Aaron Varney:  Aaron is co-owner of Dockside Cooperative, the first access point to earn Patient-Focused Certification from Americans for Safe Access.  He is an expert cultivator and now is navigating Dockside’s transition to 502 retail.  I first met Aaron through Dr. Sexton and we are both thrilled that he accepted a position on our Board.

Rachel Kurtz:  Rachel is a Seattle Drug Policy Activist and lawyer for Wykowski and Associates.  I first met Rachel while working on the King County Bar Association Drug Policy Project in 2003-2004, and hired her as CASP lawyer not long after I formed the organization.  She has extensive experience serving on nonprofit Boards and is the speaker coordinator for Seattle Hempfest.


Naz Victoria: Naz, a Pennsylvania transplant, is one of the first 50 producer/processors to get the go-ahead from the Washington State Liquor Control Board.  In addition to being an experienced businessman, he is well-versed in the history of cannabis markets and supports outdoor, sungrown cannabis for environmental and economic reasons.  His facility is located in Okanagon, Washington, where the first efforts to create a national Sun Growers association are emerging.

I could say so much more about these people, and undoubtedly will in the future.  They represent the conscientious wing of cannabis industry and activism, are committed to reality-based policy, and have a clearly defined commitment to cannabis and social policy.  They have become my friends and confidants, and I am honored indeed to bring them on board!

Berlin recap


(Dr. Horst-Dietrich-Elvers, Dr. Dominic Corva; Dr. Jan-Henrik Friedrichs; Dr. D.J. Korff)

by Dr. Dominic Corva, Executive Director

I can hardly believe it was a few hours short of a week ago I left Seattle for Berlin to participate in a conference on the topic of Cannabis Legalization at Berlin’s Friedrichshain-Kreuzberg Museum.  The public event was very well attended and featured a terrific keynote address from Dr. Jan-Henrik Friedrichs, cultural historian, on conditions of urban development and refugee politics that catalyzed the need for a public discussion on a proposal being developed by the District mayor, Monika Herman, to establish a legal cannabis market in the  Goerlitzer Park.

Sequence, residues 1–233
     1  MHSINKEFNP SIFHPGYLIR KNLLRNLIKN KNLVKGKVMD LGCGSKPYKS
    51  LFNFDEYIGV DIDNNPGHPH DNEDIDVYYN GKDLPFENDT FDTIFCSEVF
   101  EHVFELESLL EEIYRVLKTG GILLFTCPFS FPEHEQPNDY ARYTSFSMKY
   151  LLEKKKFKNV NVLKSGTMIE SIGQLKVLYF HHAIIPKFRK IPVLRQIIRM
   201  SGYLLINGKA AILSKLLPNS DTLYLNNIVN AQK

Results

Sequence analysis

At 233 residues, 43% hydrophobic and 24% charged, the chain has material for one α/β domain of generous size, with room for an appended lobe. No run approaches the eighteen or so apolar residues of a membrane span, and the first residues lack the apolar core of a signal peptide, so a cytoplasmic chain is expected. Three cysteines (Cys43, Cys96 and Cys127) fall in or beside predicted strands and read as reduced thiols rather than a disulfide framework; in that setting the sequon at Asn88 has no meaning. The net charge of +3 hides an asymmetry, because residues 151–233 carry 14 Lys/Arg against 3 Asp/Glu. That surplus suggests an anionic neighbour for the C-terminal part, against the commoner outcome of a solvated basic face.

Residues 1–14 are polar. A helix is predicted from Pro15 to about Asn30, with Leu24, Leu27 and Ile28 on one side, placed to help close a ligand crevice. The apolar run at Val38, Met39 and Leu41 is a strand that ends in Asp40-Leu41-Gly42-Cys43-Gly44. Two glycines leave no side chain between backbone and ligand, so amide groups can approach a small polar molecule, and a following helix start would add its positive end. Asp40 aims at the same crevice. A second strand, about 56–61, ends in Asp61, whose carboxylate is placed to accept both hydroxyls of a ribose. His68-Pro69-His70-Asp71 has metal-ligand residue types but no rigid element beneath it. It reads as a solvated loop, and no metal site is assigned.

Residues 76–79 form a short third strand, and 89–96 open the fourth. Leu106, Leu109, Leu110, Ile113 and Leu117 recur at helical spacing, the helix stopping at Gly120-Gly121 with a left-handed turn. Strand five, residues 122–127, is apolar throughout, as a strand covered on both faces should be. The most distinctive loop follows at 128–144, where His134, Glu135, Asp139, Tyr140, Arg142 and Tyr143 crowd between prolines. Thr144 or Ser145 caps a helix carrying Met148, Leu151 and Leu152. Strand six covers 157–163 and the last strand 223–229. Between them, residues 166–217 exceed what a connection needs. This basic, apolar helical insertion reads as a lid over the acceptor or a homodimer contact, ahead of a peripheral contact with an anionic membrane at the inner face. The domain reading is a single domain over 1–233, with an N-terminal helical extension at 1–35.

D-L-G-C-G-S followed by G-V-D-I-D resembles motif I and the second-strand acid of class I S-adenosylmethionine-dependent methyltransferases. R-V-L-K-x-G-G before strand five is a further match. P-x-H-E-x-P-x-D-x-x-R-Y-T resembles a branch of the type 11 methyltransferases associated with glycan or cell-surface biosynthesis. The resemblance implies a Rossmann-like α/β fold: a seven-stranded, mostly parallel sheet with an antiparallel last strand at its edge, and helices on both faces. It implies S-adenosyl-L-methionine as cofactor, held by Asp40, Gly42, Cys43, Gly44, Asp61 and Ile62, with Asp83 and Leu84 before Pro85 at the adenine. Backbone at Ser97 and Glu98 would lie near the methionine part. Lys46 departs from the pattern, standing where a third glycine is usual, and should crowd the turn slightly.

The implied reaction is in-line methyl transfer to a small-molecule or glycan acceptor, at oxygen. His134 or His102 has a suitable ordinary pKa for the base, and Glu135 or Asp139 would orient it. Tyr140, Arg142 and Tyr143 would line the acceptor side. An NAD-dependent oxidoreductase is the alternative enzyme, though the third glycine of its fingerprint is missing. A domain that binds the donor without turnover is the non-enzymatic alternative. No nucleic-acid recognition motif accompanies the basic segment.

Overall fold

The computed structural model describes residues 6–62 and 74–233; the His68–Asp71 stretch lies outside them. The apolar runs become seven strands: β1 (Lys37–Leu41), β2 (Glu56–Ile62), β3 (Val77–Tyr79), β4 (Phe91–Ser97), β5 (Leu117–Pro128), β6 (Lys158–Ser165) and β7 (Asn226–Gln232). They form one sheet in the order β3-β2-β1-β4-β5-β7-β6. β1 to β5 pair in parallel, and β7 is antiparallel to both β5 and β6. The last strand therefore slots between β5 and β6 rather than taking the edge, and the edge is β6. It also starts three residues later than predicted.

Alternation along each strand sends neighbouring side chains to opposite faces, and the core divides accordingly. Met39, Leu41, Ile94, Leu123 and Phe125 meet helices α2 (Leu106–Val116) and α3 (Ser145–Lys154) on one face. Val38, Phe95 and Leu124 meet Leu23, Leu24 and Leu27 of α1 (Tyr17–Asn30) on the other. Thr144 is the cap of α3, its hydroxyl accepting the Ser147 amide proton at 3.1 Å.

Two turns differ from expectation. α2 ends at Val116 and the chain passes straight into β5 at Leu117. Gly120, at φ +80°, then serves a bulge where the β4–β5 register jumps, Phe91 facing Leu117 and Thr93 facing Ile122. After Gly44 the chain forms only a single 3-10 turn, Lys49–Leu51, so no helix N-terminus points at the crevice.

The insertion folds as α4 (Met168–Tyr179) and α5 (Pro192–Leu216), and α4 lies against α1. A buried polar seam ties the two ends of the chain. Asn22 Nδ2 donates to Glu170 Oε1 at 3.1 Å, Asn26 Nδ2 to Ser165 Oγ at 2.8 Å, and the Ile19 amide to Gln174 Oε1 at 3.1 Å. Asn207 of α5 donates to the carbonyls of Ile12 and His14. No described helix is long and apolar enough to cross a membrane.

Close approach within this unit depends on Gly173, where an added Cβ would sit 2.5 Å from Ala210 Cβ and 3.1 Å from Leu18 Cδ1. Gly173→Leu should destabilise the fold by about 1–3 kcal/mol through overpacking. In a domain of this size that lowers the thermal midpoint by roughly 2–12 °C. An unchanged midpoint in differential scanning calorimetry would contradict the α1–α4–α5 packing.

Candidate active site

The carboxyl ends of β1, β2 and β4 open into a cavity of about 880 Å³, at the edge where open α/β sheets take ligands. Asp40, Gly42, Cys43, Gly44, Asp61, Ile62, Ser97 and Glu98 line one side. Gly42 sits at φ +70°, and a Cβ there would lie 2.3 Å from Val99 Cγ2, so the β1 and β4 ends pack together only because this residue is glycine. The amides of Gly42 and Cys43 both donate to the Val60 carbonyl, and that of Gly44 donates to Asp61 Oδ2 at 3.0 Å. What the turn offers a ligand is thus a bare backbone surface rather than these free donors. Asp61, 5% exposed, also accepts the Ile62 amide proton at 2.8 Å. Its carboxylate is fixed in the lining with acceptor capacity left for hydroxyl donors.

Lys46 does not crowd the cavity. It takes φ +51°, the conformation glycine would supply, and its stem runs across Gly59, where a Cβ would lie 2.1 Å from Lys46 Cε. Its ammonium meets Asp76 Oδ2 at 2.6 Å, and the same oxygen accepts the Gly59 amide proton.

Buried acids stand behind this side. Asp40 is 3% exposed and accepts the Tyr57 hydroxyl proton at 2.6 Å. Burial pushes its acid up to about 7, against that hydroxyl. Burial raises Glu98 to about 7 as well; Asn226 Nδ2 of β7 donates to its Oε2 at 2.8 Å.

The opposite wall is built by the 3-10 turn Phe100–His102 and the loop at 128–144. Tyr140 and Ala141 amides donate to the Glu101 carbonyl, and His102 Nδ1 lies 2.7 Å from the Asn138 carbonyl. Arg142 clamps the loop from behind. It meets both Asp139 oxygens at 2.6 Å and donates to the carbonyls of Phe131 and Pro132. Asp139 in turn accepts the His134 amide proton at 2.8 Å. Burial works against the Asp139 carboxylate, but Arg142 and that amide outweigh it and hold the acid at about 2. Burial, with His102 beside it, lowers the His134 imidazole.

As with cannabis politics in modernity, the social issue had very little to do with cannabis itself and mostly to do with the concentration of African refugees selling cannabis in the “Gurly” as the park is known locally.  This issue seems to have developed over the last three years:  drug dealing by young black men in the park has been common in the past, but some families and children’s social workers are reporting themselves “squeezed out” of the park due to aggressive marketing.

This is apparently the consequence of dealers being “pushed out” of other Berlin parks in recent years, rather than simply a matter of more consumption or dealing.  While accurate numbers are probably hard to come by, one panelist suggested that 90% of the dealing in the park is in cannabis flowers. Additionally, property values around the park seem to be rising rapidly with the intensification of gentrification.  Mayor Herman’s plan, in principle, seemed intended to regulate and formalize local cannabis markets in order to (a) prevent the rise of “hard drug” markets; (b) make things easier on the local refugee population as they are increasingly stigmatized as drug dealers and (c) address local concerns about especially children’s safety in the park.

The Mayor’s point person on this initiative is Dr. Elvers, pictured above on the left.  Dr. Elvers was the only person in the audience really prepared to discuss technical issues associated with implementation rather than political issues including whether or not refugee issues could be addressed through legalization.  Dr. Elvers has his job cut out for him, and both the Dutch professor Dr. Korff (above, far right) and myself had limited relevant comparative context for addressing his technical questions.  Dr. Korff’s perspective is from the Dutch coffeeshop system, which is a decrim policy for retail and on-site consumption; and mine of course is from Seattle/the U.S. where 20 years of medical cannabis politics have created more fertile grounds for addressing legalization.  I did, however, get a chance to talk to him one-on-one where I urged him to start with community meetings, to get reticent locals — the ones who are complaining about the Gurly Park situation — to feel like they have a voice and to have a place where they can voice their fears.  His reaction was fascinating:  apparently that’s what he wanted to push for first but the mayor’s office decided other things were more important.